I could ride the 57 based on the top tube length. But based on my knowledge of seat angles, I'd need a majorly set back seat post. This might make the top tube effectively too long, which I might have to compensate for with a shorter stem, which in turn might negatively affect the handling....

    Chain reaction and shows how everything is connected to everything else.

    I have, in my lifetime, found a couple of bikes which really work for me. The rest have some little aggravations.

    I am not a bike designer or builder, but this one probably wouldn't work for me.

    But, that's why there are many different builders and many custom makers and it's why I have a Zanconato, and not a BMC, waiting for me when I get home next week.
     

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    Quote Originally Posted by swoop View Post
    if you take a bell curve of men and their height... a good chunk of the 5'10" through 6' crowd will do fine on this bike...
    Wow, that wide a range! They have EVERYBODY covered
     

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    i see swoop's point but is the "one-size fits all" rear end criticism limited to this bike? it's a good point but bmc is certainly not the only one that does this. seems to me that it should be a criticism of modern frame manufacturing in general and it shouldn't be reserved for bmc exclusively.
     

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    a quick survey shows that most makers of top-shelf production road frames in the euro stage race tradition offer a range between 72 and 74.5/75 sta with a various of bb drop/stay lengths in the production run progression of sizes (time, look, pinarello, trek, colnago).
    shrink, terrorist, poet, president of concerned cyclists for the abolishment of bovine source bicycle parts and head of the disaffected commie dishwashers union.

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    Quote Originally Posted by MIN View Post
    i see swoop's point but is the "one-size fits all" rear end criticism limited to this bike? it's a good point but bmc is certainly not the only one that does this. seems to me that it should be a criticism of modern frame manufacturing in general and it shouldn't be reserved for bmc exclusively.
    I think he also (perhaps even primarily) blamed Cervelo. They are indeed the principal culprits as far as I am aware and it is sad to see BMC follow suit. Heck, even Look has gone with increasingly steeper angles (73.75 for 56cm TT?) so I am sized out of those despite the fact I think they are nice bikes.

    Pinarello and Colnago make a huge number of sizes compared to the norm (at least 14 for many models) with geometry that makes sense. Kudos to them
     

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    the Looks have a really genius seat post.. the e post... you can dial in the sta of the bike and still have the saddle center rail. it's brilliant for a mass produced rig to rough it in and then dial it specifically for the body riding it.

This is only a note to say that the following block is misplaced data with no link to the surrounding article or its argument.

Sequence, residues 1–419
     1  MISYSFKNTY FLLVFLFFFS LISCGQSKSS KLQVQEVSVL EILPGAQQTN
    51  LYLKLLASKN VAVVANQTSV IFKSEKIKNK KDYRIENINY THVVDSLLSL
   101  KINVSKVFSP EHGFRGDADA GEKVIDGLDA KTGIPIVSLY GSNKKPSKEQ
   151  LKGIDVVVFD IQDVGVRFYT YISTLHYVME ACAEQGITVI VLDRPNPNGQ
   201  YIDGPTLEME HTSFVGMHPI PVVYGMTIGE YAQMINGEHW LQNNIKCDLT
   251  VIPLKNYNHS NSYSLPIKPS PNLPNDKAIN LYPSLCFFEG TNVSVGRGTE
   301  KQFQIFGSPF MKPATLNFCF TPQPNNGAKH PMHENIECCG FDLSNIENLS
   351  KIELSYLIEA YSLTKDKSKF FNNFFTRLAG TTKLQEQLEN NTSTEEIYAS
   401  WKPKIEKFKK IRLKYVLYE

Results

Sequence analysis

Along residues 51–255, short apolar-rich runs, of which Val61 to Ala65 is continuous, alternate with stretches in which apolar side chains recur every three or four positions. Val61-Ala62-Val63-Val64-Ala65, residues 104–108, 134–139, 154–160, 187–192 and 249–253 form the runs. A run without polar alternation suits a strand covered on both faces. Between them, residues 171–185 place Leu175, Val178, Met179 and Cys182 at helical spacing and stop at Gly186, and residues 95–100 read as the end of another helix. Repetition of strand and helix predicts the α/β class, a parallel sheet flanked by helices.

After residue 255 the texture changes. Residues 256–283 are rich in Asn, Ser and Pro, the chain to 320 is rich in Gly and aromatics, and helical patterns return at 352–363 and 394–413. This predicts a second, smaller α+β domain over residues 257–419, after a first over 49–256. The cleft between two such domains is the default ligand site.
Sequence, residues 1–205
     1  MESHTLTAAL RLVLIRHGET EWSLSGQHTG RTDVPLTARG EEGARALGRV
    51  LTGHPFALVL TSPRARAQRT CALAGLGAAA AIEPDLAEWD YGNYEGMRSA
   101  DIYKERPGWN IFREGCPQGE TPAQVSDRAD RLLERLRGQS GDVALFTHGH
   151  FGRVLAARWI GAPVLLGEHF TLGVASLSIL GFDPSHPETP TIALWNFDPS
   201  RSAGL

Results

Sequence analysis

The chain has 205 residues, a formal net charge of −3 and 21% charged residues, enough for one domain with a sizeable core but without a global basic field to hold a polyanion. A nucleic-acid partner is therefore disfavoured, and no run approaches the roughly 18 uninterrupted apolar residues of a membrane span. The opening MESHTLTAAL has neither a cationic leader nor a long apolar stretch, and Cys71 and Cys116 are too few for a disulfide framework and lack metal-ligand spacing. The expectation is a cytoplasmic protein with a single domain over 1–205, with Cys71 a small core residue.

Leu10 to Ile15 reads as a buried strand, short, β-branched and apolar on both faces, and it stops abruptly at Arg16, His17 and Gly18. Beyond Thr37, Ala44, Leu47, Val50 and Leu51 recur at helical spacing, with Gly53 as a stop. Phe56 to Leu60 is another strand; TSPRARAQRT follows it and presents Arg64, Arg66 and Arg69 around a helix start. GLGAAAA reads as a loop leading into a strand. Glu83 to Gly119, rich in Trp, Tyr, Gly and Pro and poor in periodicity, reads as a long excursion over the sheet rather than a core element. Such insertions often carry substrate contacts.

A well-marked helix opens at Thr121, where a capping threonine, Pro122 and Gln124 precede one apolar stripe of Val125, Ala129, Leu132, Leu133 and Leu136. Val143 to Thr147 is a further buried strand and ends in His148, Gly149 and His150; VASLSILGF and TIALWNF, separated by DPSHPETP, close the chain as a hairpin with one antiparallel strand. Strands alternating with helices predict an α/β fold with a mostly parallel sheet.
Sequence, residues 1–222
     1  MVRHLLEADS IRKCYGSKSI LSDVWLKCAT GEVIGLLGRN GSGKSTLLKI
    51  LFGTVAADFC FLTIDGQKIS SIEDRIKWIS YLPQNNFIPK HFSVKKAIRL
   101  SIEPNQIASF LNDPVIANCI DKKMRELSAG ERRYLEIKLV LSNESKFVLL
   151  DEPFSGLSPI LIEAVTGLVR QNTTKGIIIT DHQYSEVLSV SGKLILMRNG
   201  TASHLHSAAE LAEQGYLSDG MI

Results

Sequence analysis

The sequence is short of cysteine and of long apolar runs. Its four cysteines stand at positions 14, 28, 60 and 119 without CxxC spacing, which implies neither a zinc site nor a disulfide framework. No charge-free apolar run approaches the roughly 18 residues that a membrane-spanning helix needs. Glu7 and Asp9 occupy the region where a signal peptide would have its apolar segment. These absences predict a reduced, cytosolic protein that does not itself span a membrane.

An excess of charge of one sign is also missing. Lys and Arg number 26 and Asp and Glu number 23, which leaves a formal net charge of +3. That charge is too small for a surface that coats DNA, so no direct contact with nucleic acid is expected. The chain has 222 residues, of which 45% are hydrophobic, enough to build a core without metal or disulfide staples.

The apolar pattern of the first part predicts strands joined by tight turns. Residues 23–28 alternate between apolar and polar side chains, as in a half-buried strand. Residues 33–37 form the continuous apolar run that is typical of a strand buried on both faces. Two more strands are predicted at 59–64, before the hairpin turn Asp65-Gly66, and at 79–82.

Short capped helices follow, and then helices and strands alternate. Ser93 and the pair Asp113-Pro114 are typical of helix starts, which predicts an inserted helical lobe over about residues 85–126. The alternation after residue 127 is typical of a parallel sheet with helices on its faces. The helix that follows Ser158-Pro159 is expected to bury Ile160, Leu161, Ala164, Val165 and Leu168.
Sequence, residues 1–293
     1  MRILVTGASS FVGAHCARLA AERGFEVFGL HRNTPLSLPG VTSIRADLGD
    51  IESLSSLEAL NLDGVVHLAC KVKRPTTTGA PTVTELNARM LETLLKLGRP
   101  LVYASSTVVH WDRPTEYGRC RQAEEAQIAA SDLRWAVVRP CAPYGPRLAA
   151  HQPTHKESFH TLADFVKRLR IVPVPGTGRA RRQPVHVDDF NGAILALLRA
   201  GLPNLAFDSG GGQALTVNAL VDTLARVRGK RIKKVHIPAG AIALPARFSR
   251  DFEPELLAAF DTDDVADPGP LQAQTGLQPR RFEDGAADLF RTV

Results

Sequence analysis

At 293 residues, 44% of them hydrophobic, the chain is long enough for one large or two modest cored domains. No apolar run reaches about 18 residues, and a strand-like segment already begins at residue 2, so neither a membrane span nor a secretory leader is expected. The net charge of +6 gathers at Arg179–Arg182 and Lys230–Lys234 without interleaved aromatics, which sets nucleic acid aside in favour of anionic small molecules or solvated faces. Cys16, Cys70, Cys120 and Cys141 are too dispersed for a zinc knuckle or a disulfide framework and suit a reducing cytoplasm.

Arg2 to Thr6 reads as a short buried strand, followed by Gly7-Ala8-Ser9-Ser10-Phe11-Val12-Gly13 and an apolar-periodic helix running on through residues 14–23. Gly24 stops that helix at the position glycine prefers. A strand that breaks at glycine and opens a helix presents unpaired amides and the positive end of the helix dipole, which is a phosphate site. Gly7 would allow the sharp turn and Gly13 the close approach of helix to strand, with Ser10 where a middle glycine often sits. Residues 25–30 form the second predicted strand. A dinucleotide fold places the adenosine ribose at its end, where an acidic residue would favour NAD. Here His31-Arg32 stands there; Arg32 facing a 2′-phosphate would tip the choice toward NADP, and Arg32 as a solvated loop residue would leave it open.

shrink, terrorist, poet, president of concerned cyclists for the abolishment of bovine source bicycle parts and head of the disaffected commie dishwashers union.

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    And it's a development that is new to this model. On the last one, the Pro Machine, about which people say many lovely things, they changed the rear end geo throughout the range of sizes.

    This is a disappointing trend in frame construction.

    Even the big guys, i.e. Specialized, Trek, Giant, etc., are not doing this. Yet.
    Last edited by C.Dyer; 10-20-2009 at 07:11 PM. Reason: anal retention
     

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    one on hand they tell you they're making the thing with the best materials that science has to offer and then on the other hand they're dumbing down the very thing that imparts the character of the bike.

    obviously they have to meet the threshold of good enough and functional enough and i don't think most folks that buy bikes actually use them that much. the trend of the dumbing down of geometry... which for me is really what Cervelo has 'offered' the industry... parallels the dumbing down of the experience of riding and the skill itself.

    i know molds are expensive and are only good for so many production runs... but you know, i'm no fan of elastic waistbands or sporks... and perhaps this is the way the industry is headed.
    shrink, terrorist, poet, president of concerned cyclists for the abolishment of bovine source bicycle parts and head of the disaffected commie dishwashers union.

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    Fit discussion aside...

    That mtb is hot. The roadie, not so much.
     

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    Quote Originally Posted by swoop View Post
    feel me?
    I hear ya, but at 5'11" w/short legs and a long torso, the 50x53.5 frame with a 135mm stem and Deda Deeps would work really well for me, I'd guess.

    I wouldn't want it in a tiny or giant size, but for "normal" people it'll probably work great.